By Michael Webster: Syndicated Investigative Reporter. Feb 13, 2014. 1:30 PM CST
Yes, golden. Warren is knee-deep in the San Gabriel River, an hour outside of Los Angeles. That chute next to him is a sluice box. The water washes away the dirt in a muddy cloud, and he leans over the box. Out of the creek, he taps his findings into a green, plastic gold pan and gives it a few swirls. What's left ...
After three consecutive years of below-normal rainfall, California faces its most severe drought emergency in decades. Governor Jerry Brown has called for Californians to reduce water use by 20 percent voluntarily, and mandatory rationing could be ordered soon so that homes, businesses and farms don’t run dry over the summer. Wildfire danger is unusually high.
According to “All things considered” writer Nathan Rott wrote that Consider this the golden lining of California's historic drought. The Golden State is getting some much needed rain lately. In many parts of the state, it's the first rain of the year. The drought is bad for most people, but for others, it's an opportunity. Curt Timmons, a gold prospector and the owner of the shop Little Digger Mining and Supply in nearby Baldwin Hills, CA has been walking the riverbanks of the San Gabriel River his whole life.
"Yeah, it's good for the gold prospectors. They love it because they can get down to that bedrock without using any scuba equipment," he says. "Normally it'd be about 6 feet over your head. And now it's so low, it'd probably be up to your knees in depth, if that."
Little rain and even less snowpack have made the San Gabriel River more of a stream. It's not just here, says Kevin Hoagland, executive director of development at the Gold Prospectors Association of America.
"It's beyond just the state of California," he says. "Where I'm at in Arizona, we haven't even had our first snow yet."
Hoagland, who lives in Prescott, Ariz., says that's opened up riverbeds there too.
"It's given people an opportunity to literally just go in with a gold pan and a shovel, and be able to get in some of these cracks and crevices and find gold that you wouldn't normally be able to recover."
Hoagland says it's not 1849 again: no need to pack the wagon and head West. But it is exciting for most people.
Gold Fever’s Russ Ford reports Crevicing is dear to his heart. I've found more gold here in AZ using this method than any other. The main reason for that is most people don't want to hike for miles, get down on their knees and get dirty, and work for it. Consequently, it's still there, and if you're willing to really get close to Mother Earth, she will reward you. If you're in an area where there isn't much exposed bedrock or heavy vegetation prevents crevicing, this may not work for you. But what the heck - it's winter - come on down to southern CA or AZ.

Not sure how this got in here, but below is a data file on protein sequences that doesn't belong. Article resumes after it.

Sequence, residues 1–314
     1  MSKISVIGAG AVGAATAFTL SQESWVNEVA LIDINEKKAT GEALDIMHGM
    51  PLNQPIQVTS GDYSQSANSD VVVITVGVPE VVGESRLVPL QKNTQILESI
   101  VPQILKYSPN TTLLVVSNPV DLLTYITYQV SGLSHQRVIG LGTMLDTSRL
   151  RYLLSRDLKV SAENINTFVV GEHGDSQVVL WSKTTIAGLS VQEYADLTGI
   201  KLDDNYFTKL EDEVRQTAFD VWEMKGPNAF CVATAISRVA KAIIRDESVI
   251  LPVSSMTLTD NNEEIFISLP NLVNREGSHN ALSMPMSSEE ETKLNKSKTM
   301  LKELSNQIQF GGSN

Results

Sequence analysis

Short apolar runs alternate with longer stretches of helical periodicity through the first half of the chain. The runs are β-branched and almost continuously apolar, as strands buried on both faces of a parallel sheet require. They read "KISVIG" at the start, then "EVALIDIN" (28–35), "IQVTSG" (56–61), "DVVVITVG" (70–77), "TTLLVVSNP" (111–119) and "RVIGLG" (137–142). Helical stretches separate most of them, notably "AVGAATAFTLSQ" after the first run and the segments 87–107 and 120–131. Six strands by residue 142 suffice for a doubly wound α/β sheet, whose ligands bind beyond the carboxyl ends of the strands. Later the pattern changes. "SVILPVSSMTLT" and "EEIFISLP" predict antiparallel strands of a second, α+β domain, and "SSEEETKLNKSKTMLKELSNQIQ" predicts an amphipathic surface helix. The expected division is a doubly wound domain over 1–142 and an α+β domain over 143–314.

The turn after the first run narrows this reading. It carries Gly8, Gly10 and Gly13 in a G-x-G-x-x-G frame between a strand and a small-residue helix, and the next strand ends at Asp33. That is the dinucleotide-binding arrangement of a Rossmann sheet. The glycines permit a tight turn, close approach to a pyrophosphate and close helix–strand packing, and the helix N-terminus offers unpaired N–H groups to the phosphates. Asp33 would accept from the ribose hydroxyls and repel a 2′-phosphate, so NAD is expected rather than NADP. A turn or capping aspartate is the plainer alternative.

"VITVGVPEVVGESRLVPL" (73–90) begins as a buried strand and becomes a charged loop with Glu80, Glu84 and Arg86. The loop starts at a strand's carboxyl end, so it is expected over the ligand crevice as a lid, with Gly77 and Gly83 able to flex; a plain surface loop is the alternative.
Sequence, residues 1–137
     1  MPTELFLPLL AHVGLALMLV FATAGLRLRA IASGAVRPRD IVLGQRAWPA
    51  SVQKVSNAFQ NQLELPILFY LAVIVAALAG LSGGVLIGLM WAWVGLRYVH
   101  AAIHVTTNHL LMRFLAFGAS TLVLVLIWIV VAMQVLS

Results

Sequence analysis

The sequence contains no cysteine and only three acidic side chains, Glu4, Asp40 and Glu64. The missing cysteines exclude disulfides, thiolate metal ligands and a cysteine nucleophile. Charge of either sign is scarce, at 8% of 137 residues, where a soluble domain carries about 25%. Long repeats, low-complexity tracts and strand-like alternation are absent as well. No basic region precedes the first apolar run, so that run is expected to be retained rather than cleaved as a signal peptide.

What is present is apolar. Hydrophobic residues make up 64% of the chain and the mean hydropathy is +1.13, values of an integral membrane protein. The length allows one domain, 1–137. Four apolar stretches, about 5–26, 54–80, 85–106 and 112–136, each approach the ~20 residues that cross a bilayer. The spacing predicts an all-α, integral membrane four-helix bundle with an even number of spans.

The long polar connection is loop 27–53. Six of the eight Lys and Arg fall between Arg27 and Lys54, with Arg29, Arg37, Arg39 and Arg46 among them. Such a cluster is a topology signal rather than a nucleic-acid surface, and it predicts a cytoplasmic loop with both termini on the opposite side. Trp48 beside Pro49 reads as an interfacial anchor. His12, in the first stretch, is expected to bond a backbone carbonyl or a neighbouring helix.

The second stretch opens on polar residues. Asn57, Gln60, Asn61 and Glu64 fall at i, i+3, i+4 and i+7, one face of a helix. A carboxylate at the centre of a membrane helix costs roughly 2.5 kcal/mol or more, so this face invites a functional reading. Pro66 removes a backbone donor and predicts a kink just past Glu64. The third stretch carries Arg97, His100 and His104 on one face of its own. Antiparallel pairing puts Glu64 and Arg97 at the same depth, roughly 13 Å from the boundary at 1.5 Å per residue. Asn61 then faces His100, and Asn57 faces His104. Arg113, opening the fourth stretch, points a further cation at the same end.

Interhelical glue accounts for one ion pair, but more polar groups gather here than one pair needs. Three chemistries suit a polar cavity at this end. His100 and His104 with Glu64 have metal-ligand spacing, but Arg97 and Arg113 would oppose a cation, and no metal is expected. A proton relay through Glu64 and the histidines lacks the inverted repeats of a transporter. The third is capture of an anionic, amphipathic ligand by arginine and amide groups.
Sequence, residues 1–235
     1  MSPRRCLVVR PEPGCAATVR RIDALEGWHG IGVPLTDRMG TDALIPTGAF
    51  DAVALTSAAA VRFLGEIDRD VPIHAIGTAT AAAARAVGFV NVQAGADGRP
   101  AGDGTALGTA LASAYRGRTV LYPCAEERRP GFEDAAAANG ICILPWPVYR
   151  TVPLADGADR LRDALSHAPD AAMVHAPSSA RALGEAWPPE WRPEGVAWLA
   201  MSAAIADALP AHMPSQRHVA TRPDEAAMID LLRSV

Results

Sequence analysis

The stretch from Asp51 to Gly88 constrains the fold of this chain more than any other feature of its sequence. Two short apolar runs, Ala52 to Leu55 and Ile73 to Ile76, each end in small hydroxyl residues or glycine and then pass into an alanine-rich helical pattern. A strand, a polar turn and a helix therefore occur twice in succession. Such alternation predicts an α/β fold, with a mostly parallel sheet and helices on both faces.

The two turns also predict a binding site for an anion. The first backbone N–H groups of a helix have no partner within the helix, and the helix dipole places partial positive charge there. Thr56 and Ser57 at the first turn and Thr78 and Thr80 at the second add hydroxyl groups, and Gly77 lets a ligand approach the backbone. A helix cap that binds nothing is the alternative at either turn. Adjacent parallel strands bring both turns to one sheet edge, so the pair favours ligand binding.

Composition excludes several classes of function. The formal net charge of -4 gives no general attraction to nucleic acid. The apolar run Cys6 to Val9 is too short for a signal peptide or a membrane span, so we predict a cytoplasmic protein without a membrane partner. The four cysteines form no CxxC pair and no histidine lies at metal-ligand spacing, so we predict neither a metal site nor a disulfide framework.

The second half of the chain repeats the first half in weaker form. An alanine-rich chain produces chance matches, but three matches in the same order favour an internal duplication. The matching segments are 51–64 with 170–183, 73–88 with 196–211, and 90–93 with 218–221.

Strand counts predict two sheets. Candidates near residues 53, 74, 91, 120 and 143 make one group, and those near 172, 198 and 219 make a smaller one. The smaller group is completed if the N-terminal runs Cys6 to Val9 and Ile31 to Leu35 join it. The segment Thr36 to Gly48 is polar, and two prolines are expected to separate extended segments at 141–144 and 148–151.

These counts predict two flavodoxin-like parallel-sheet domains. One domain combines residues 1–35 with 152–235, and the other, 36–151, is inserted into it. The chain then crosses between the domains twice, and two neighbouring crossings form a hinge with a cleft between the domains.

How can you tell a real "Crevicer"? He's the one whose Estwing rock hammer looks more like a ballpeen hammer. I've gone through several.
Let's talk about the basic tools first. I'm not mentioning the standard stuff (water, first aid kit, lunch, etc.)
*Large Estwing rock hammer. (Go for the best - it's worth it).
*3 prong garden fork (hand size)
*4 prong garden rake (with handle cut down)
*Garden trowel (hand size) *Plastic scoop ( 1 gal ) and plastic scoop (small - cut from soda pop bottle)
*Variety of crevice wires and spoons
*At least two sizes of brushes
*Classifiers and buckets (strap on the outside/back of your pack with bungies. I carry two, 5 gal, one w/ 3/4" holes in bottom, and 1/4" and 1/8" screen sleeves to fit in top.
*Pry bar - (size depending on weight - larger the better)
*Canvas sample bags (for carrying con to water for panning, and labeling area of find).
*Backpack (note: total weight of pack with basic tools should be about 25 lbs)
*Gold Pan, snuffer bottle, magnet, magnifying glass or loupe, and plastic straw (more about that later)
*Large pick or shovel
*Standing screen / classifier
*Underwater suction tool
*Backpack dredge (Not in California)
"Sure is pretty in the sun, huh?" he says.
, though not for Maury Roos, the chief hydrologist at California's Department of Water Resources.
"It's a bad thing for those who need water, and I imagine it's not the best thing either for the fish that live in the rivers," he says.
Roos says it's good that some people are benefiting, but overall, this drought is bad. Many of California's rivers are at or near record low water volumes. Even with rain, their outlook isn't good. Roos says that will affect fisheries, already endangered salmon, watersheds, and even trees and vegetation.
That's not to mention the people — the cities that are under mandatory water restrictions, or the farmers who let their land go fallow, or unplanted.
For a clearer picture, just go back to where our guys were looking for gold, on the San Gabriel River. Follow it south, to where it pools behind San Gabriel Dam and you'll see high water lines some hundred feet above the reservoir's surface. The three major dams in this canyon hold nearly 40,000 Olympic-size swimming pools' worth of water. According to the Los Angeles County Department of Public Works, less than 1 percent is available for release. Otherwise the dams would go below their minimum levels.
That doesn't have quite the same golden glimmer.`